It’s difficult to describe this film as it’s unlike anything I’ve ever seen before, but I will say if you only watch one documentary this year I strongly suggest you make it this one, and I promise you’ll never forget it.
To cut a very long story short, without giving anything important away, this is a documentary that was filmed over a period of 6 years in Canada. It covers the work of Bob Diemert, one of the world’s leading experts on WWII fighter aircraft restoration and a budding fighter aircraft designer who wanted to take on the might of the McDonnell Douglas F/A-18 Hornet.
In the late 1960s Diemert restored a WWII-era Hurricane fighter aircraft before flying it to England where he then flew it in the film “The Battle of Britain“. The money he earned from his work in the film helped fund his next restoration projects which included the Hurricane as well as a P-40, a P-38, a Blenheim, and a series of very rare Japanese A6M Zeros.
At some point during his career as a world leader in aircraft restoration Diemert decided to turn his hand to designing his own propeller-powered fighter that could be build in large numbers reasonably cheaply, in order to neutralise any threat of a land invasion by the Soviets.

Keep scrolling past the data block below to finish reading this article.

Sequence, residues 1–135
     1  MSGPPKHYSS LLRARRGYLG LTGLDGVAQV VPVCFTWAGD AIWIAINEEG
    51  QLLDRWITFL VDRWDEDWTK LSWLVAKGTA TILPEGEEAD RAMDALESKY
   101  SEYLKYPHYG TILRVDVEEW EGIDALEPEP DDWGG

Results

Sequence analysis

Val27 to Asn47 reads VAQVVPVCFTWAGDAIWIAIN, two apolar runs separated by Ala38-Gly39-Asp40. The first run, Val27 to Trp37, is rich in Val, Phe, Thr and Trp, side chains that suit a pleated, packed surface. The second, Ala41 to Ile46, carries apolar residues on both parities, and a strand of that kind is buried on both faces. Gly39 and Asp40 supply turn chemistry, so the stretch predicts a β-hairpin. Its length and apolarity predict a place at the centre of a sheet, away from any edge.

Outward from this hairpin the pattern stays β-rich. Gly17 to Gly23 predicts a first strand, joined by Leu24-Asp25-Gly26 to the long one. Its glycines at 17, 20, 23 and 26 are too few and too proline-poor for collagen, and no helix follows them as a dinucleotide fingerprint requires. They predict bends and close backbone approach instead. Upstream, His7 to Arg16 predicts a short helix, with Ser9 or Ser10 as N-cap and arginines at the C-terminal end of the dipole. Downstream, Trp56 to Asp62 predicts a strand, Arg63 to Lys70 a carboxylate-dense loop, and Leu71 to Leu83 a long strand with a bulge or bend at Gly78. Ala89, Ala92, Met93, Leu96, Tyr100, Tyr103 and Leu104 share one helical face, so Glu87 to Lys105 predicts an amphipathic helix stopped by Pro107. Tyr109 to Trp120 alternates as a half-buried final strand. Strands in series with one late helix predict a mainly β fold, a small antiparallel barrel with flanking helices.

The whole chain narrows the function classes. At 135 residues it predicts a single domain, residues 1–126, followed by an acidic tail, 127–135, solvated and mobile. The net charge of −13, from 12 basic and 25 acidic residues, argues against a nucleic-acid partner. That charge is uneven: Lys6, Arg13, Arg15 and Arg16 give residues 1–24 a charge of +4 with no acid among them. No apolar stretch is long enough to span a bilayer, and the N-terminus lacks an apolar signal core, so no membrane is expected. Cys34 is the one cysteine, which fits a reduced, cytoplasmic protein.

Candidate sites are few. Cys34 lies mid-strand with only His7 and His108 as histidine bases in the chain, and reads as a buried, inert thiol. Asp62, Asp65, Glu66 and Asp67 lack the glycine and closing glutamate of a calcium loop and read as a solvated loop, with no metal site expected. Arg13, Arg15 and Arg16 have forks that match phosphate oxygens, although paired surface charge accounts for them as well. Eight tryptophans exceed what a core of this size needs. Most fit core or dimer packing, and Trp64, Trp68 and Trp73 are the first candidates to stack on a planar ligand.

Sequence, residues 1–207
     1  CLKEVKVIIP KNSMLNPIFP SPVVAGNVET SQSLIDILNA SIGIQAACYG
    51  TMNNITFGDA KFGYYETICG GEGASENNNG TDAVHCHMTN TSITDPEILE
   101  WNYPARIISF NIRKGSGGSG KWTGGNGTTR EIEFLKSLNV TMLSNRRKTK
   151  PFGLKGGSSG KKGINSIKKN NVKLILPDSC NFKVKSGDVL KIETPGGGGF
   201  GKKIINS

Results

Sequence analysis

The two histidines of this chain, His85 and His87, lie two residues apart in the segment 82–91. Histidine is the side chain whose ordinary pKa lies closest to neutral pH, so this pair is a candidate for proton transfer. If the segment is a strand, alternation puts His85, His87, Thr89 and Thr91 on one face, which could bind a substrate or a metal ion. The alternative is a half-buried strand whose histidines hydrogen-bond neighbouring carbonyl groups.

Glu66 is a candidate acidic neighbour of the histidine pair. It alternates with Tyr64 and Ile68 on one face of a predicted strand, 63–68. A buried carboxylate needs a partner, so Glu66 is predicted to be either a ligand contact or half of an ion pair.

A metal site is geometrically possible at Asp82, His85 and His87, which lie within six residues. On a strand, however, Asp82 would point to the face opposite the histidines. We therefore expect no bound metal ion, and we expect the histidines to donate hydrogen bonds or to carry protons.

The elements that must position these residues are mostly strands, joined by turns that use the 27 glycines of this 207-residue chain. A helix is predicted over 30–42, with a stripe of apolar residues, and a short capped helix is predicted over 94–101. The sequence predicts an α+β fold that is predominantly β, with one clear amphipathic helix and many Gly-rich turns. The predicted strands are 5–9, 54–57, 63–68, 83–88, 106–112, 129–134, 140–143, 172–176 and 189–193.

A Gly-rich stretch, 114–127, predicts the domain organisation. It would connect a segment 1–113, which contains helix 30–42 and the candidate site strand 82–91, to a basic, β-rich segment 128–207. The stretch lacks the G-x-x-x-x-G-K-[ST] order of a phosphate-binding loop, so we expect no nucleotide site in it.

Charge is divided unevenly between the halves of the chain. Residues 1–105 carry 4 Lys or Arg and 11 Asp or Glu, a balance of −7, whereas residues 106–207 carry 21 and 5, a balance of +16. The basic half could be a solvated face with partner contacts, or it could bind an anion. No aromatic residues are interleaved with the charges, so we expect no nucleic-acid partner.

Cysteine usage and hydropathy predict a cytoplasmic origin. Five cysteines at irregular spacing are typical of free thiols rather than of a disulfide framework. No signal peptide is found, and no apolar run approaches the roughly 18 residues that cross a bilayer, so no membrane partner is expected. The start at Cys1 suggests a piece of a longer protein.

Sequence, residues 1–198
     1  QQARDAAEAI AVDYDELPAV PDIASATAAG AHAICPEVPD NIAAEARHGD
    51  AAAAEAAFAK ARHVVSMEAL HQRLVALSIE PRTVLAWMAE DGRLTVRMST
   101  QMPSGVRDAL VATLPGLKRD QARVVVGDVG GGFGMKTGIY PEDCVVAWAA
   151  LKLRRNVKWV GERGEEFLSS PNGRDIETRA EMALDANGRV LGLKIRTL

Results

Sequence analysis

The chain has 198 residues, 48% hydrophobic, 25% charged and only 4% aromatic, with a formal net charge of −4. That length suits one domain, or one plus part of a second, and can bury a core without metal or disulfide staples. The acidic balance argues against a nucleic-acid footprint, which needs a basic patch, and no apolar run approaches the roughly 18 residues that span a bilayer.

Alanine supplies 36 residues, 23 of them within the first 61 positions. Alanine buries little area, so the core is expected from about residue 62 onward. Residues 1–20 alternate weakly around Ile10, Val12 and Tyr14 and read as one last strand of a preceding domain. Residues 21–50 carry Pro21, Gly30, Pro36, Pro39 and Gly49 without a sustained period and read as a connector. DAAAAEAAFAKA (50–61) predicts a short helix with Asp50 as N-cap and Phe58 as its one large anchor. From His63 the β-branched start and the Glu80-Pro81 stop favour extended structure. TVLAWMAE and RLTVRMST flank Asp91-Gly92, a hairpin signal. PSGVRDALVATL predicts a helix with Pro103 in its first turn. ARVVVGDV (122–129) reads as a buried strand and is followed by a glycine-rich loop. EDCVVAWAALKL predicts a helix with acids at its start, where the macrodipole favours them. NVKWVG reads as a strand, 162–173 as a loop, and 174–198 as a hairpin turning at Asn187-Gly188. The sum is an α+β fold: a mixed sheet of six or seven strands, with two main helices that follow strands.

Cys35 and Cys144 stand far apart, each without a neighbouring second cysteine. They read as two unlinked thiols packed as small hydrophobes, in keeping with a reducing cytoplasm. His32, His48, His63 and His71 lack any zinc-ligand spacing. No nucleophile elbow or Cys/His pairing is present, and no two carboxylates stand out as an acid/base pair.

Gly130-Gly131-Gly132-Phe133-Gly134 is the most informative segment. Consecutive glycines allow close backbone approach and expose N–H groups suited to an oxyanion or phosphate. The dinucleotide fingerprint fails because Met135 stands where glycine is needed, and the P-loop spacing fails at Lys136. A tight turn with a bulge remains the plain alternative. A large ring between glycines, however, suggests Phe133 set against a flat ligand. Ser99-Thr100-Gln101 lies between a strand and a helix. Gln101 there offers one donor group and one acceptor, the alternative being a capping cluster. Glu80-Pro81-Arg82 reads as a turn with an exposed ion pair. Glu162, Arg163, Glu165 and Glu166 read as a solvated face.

As the documentary unfolds you can’t help but be amazed by Diemert’s remarkable ability to restore aircraft, including an A6M Zero that had been pulled from a South Pacific jungle in pieces after sitting there for over 40 years riddled with bullet holes. His abilities as an aircraft designer aren’t quite clear, he can clearly design and build planes but it could be argued that they needed quite a bit more funding and development time to be viable.
The trials and tribulations shown in this film are fascinating, and it offers an unusual window into a world that I didn’t know existed. Amazingly Diemert was still active as recently as 2015, designing ground effect aircraft in order to better serve Canada’s remote northern communities.
If you’d like to read more about the film you can click here.
Ben has had his work featured on CNN, Popular Mechanics, Smithsonian Magazine, Road & Track Magazine, the official Pinterest blog, the official eBay Motors blog, BuzzFeed, and many more.
Silodrome was founded by Ben back in 2010, in the years since the site has grown to become a world leader in the alternative and vintage motoring sector, with millions of readers around the world and many hundreds of thousands of followers on social media.
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